(i) How the proposed project will use technology to achieve the 
intended project outcomes;
    (ii) With whom the proposed project will collaborate and the 
intended outcomes of this collaboration; and
    (iii) In particular, how the proposed project will coordinate and 
collaborate with other RSA-funded technical assistance centers to 
exchange and adapt relevant products and materials to avoid duplication 
and make effective use of grant funds to better manage the AIVRTTAC 
project and its available resources to improve service delivery to 
AIVRS projects;
    (c) Demonstrate in the narrative section of the application under 
``Adequacy of Project Resources'' how--
    (1) The applicant and any key partners possess adequate resources 
to carry out the proposed activities; and
    (2) The proposed costs are reasonable in relation to the 
anticipated results and benefits;
    (d) Demonstrate in the narrative section of the application under 
``Quality of Project Personnel'' how--
    (1) The proposed project will encourage applications for employment 
from persons who are members of groups that have historically been 
underrepresented based on race, color, national origin, gender, age, or 
disability, as appropriate; and
    (2) The proposed key project personnel, consultants, and 
subcontractors have the qualifications and experience to provide 
training and TA to AIVRS projects in each of the topic areas in this 
priority and to achieve the project's intended outcomes, including how 
the proposed project personnel have a high degree of knowledge and 
understanding of cultural factors that will be sufficient to ensure the 
delivery of training and TA in a culturally appropriate manner;
    (e) Demonstrate in the narrative section of the application under 
``Quality of the Management Plan'' how the proposed management plan 
will ensure that the project's intended outcomes will be achieved on 
time and within budget. To address this

[[Page 14378]]

requirement, the applicant must describe--
    (1) Clearly defined roles and responsibilities for at least two 
full-time key project personnel designated to the AIVRTTAC through the 
entire project period and for consultants and subcontractors, as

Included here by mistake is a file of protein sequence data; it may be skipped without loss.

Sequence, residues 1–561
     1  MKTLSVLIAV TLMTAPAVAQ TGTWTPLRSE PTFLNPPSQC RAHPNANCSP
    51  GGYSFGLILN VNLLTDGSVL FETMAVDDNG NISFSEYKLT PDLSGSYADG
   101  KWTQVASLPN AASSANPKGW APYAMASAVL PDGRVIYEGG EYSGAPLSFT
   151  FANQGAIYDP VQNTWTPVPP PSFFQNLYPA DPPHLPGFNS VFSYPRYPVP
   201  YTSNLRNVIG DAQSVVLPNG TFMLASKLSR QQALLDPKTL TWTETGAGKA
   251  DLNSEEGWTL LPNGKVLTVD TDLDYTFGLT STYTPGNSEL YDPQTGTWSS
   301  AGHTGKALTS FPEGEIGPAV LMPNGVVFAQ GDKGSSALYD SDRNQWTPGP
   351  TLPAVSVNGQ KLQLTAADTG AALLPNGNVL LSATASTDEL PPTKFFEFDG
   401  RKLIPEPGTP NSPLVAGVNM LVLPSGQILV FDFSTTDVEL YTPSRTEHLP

applicable;
    (2) Timelines and milestones for accomplishing the project tasks;
    (3) Using a personnel loading chart, detailed project activities 
through the entire project period, key personnel and any consultants or 
subcontractors that will be allocated to each activity, and the 
designated level of effort for each of those activities;
    (4) How the personnel allocations in the personnel loading chart 
are appropriate and adequate to achieve the project's intended 
outcomes, including an assurance that all personnel will communicate 
with stakeholders and RSA in a timely way;
    (5) How the proposed management plan will ensure that the training 
and TA products developed through this cooperative agreement are 
complete, accurate, and of high quality; and
    (6) How the proposed project will benefit from a diversity of 
perspectives, including AIVRS projects and consumers, State VR 
agencies, TA providers, and policy makers, in its development and 
operation; and
    (f) Demonstrate in the narrative section of the application under 
``Quality of the Evaluation Plan'' how the applicant proposes to 
collect and analyze data on specific and measurable goals, objectives, 
and intended outcomes of the project, including the effectiveness of 
the training and TA provided. To address this requirement, the 
applicant must describe--
    (i) Its proposed evaluation methodologies, including instruments, 
data collection methods, and analyses;
    (ii) Its proposed standards or targets for determining 
effectiveness;
    (iii) How it will use the evaluation results to examine the 
effectiveness of its implementation and its progress toward achieving 
the intended outcomes; and
    (iv) How the methods of evaluation will produce quantitative and 
qualitative data that demonstrate whether the project and individual 
training and TA activities achieved their intended outcomes.

Types of Priorities

    When inviting applications for a competition using one or more 
priorities, we designate the type of each priority as absolute, 
competitive preference, or invitational through a notice in the Federal 
Register. The effect of each type of priority follows:
    Absolute priority: Under an absolute priority, we consider only 
applications that meet the priority (34 CFR 75.105(c)(3)).
    Competitive preference priority: Under a competitive preference 
priority, we give competitive preference to an application by (1) 
awarding additional points, depending on the extent to which the 
application meets the priority (34 CFR 75.105(c)(2)(i)); or (2) 
selecting an application that meets the priority over an application of 
comparable merit that does not meet the priority (34 CFR 
75.105(c)(2)(ii)).
    Invitational priority: Under an invitational priority, we are 
particularly interested in applications that meet the priority. 
However, we do not give an application that meets the priority a 
preference over other applications (34 CFR 75.105(c)(1)).
    Final Definitions: We establish the following definitions for use 
in any competition in which the final priority is used: